Legend: Professor makes snappy comeback to female students who protest his chauvinism.
Mrs. Abigail Sludge, secretary-treasurer of the ladies’ bridge and Frank Sinatra club, has a passion for telling “off-colour” stories, which were resented by fellow members. One day just before the meeting convened the girls made a pact in which they agreed to leave the room when, and if Mrs. Sludge began her stories. Shortly after the meeting convened Mrs. Sludge settled herself at the bridge table and began, “Girls, did you know that there’s a boatload of a thousand prostitutes leaving for Alaska in the morning?”
Then, as one, the members of the club rose and headed for the door.
“What’s the rush, girls? The boat doesn’t leave ’til 10 a.m.,” retorted Mrs. S.
Annoyed by the professor of anatomy who told racy stories during class, a group of coeds decided that the next time he started to tell one they would all rise and leave the room in protest. The professor, however, got wind of their scheme just before class the following day, so he bided his time: then, halfway through the lecture, he began. “They say there is quite a shortage of prostitutes in France…”
The girls looked at one another, arose, and started for the door. “Young ladies,” said the professor, “the next plane doesn’t leave until tomorrow afternoon.”
[A] professor describes a tribe in Asia, South America, or Africa that is known to have a penis fifteen inches or longer when in the state of excitation. At this point two or three coeds get up and start to leave the room, either because they are offended or need to go to another class. He shouts at them, “It’s no use being in a hurry to get there, girls. The boat probably won’t leave for another week.”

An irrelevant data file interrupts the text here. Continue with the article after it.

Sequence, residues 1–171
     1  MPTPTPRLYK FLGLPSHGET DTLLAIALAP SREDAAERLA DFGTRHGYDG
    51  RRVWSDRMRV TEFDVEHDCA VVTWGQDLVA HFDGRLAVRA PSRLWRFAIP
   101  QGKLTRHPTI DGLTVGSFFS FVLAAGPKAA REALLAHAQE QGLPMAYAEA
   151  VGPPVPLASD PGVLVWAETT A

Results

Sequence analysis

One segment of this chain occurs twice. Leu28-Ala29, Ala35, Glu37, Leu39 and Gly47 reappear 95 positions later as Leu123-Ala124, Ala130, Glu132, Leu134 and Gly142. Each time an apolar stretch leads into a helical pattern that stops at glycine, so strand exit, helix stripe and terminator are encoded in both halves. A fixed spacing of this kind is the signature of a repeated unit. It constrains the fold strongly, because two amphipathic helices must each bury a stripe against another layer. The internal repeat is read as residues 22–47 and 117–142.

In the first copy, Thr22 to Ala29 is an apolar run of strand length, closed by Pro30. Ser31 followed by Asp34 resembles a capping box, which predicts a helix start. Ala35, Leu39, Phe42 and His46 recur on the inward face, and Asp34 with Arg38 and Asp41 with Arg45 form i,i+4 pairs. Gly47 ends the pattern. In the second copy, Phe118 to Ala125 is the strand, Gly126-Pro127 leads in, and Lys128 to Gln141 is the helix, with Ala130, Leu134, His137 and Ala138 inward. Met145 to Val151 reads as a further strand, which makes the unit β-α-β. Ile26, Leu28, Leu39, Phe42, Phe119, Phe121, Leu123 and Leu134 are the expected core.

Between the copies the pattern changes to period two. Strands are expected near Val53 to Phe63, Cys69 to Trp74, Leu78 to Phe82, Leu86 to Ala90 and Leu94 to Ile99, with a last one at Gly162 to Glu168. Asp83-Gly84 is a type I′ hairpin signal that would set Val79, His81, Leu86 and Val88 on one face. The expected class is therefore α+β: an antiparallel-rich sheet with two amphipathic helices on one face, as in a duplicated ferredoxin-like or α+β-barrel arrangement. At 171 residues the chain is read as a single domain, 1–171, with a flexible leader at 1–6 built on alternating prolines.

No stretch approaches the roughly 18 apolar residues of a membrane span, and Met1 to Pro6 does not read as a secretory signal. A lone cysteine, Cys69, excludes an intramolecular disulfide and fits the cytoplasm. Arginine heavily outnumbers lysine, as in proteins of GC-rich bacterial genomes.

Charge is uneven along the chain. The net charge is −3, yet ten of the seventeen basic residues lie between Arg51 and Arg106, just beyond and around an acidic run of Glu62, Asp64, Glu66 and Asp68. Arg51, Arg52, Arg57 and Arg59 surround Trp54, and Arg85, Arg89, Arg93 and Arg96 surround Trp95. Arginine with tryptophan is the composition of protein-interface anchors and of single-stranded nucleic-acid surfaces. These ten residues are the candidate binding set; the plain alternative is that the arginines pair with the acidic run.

Legend: Coed makes unintentionally risque remark about professor’s “little Quizzies.”
Example: [Bronner, 1990]
There’s also the tough prof who gives students painful quizzes, which he irritatingly calls his “little quizzies.” After the third or so ordeal with these “quizzies,” a coed tells her classmate, “If those are his quizzies, I’d hate to see his testes.”
Origins: references to the “little quizzies” tale date to 1962, but the tale itself has been around since the early 1950s. It continues to surface among college students to this day. Similar to a number of other college legends (salty), it swings on the notion of a hapless coed’s blurting out the wrong thing, unaware (at least for the moment) of how her comment will be taken.